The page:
Still despite my pet peeve coming into play in this novel, I continued to read and before long Finbar’s story captured my interest and I was looking forward to my lunch break where I could take more time to read the book. While the book seems comedic in concept it wasn’t exactly a dead set comedy based on the style, yet, I found myself snickering and laughing and even pausing on occasion due to the humor. I loved it.

Overall the story as a whole is simple and straight to the point, pale, super thin, quiet, geeky Finbar struggles to get the girl and is fed up not being noticed at all. Through a serries of odd weird little events a girl mistakes him for a vampire and then eventually the idea hatches and forms and follows Finbar as he tries to survive life at a new high school and pretending to be a vampire. In the end the story has a moral to it. Not the whole classic moral like the little boy who cried wolf but the story has a point and tells it amusingly with some great amusing twists at the end.

I admit I was sad when I finished the book I was dreading the end for the last fifty or so pages, because I didn’t want to fun and magic to end. It was a good read and I’m certainly intrigued by the author and her second novel The Boy Recession. Of course my luck with repeating an author isn’t strong but I’ll still give Flynn Meaney another go as this book was a solid 4 out of 5 pages. It is a book that caters to a certain audience the ones who like vampires but don’t demand a serious vampire novel. If that is you, then I think this might be the right book. (Also the geek references are a lot of fun too!)

Book Review – Ouran High School Host Club vol 1 by Bisco Hatori

Title: Ouran High School Host Club vol 1

Author/Illustrator: Bisco Hatori

Format: Paperback

Written: 2002

Translated: 2005

As I had said in an earlier review, I am in a bit of a manga kick and I’m trying to find something that I have enjoyed as much as the Sailor Moon series or the Alice series, but nothing has hit me just yet.  I decided to try Host Club because I remember long ago a friend telling me how it was great and how she loved it.  I will admit in looking at the book I see what she loved about the series, and I am reminded of how our tastes differ.  Not to say this friend and I don’t share similar tastes in other things, but in the case of this particular manga our tastes are very much departed.

The basic story premise is the story of a poor girl who has a scholarship to a very rich and exclusive school.  She starts out by searching for a quiet place to study and finds herself stumbling upon the high school host club.  She is mistaken for a boy, and as she tries to get away from the rather awkward situation she breaks a very expensive vase, and has to settle the debt somehow.  The President of the club decides instead of making her a grunt boy who does all their errands for them, he decides to make Haruhi a member of the club.  Her job will be to bring in and entertain several clients.

Haruhi is then transformed form what they think is an average looking guy into a very attractive looking guy who wins over a lot of customers.  After all of this has taken place they learn that Haruhi is in fact a girl.  Haruhi is fine being mistaken as a boy not caring about gender differences and continues to play a guy because she is more apt to get clients as a boy than as a girl.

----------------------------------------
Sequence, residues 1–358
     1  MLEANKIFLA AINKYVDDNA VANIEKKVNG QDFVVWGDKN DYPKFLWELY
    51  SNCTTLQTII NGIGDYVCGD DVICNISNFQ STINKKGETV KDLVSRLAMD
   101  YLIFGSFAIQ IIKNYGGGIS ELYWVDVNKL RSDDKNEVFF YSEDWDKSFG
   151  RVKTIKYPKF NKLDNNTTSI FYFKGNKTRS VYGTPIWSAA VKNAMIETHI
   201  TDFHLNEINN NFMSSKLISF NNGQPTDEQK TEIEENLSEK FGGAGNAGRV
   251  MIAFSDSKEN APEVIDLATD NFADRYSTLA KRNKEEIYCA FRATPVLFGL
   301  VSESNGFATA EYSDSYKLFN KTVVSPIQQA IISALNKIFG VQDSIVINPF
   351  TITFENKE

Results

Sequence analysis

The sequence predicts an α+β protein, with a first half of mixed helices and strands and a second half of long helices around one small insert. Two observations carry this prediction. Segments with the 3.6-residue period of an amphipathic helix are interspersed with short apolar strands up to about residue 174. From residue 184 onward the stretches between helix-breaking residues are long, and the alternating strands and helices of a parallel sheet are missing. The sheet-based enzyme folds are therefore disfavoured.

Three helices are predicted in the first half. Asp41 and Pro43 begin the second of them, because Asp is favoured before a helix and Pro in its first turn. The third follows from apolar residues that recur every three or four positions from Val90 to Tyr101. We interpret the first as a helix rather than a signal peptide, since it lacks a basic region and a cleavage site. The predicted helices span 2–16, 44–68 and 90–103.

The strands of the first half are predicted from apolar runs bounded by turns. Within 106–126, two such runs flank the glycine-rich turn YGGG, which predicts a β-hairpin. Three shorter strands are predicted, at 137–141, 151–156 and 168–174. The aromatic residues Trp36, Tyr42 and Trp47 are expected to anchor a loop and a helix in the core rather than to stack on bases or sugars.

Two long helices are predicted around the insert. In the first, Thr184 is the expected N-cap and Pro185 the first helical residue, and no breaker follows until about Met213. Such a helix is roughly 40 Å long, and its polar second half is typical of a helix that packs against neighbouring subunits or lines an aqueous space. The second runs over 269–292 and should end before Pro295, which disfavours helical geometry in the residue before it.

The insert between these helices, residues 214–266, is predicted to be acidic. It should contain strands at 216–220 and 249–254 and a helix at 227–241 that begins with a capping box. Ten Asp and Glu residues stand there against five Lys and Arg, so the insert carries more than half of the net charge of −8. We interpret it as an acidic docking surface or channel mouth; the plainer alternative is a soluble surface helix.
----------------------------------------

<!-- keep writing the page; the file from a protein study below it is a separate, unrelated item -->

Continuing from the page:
Now before I go further into giving my thoughts on the book, I will take a minute to explain what a host club is for those of you who may not know.  In Japan, there are places called hostess and host clubs, a hostess club chiefly employs females to entertain men and host clubs are the opposite.  (And by entertain, I’m not meaning a strip club).  It is a place to have a drink and talk with the opposite sex, the most that happens in the club is hugs, kissing, and an occasional dance (according to my research on Wikipedia).  In the high school scene of the book tea and cakes are served and again nothing more than the kissing and dancing happens.

Over all, Host Club is a comedy and I’m beginning to think comedy manga is not my thing.   A lot of the characters were over the top and just dull.  When I read manga, I like a bit of substance and a story, not something episodic with over the top incidents.  Aside from that, I have some issues with how gender is played with.  On the whole, save for Haruhi, girls are over simplistic and giggly and have no substance.  (True, the guys get that way too in this manga but they have more substance than the girls).  Then, I wasn’t fond of the semi incestuous relationship between the twin brothers, I mean getting near kissing and offering to take each other’s clothes off in a ‘perfect’ way is ‘no bueno’.  I mean, if it was just two guys rather than brothers that is a different story.

Additionally, I didn’t like how they handled Tamaki’s (the club president) reaction to Haruhi.  From the start, Tamaki is attracted to Haruhi and that is fine, and even the surprised remark of “wow Tamaki going for a guy?” Is okay, but I don’t like how when Haruhi was revealed to be a girl that “Ah yes Tamaki must have known subconsciously that Haruhi was a girl because he wouldn’t fawn over a real guy like that!”  That kind of frustrated me and was just handled poorly in my opinion.  I also don’t like how Tamaki’s main mission is to “re-awaken” the feminine side of Haruhi, it almost translates to him wanting to make her inferior and just like all the other girls, instead of accepting her being boyish (even if she does look great in a dress).  Over all, the book just annoyed me and I will not be picking up the second one at all.  I give this manga a 1 out of 5 because yes, it annoyed me that much (and it wasn’t that entertaining)!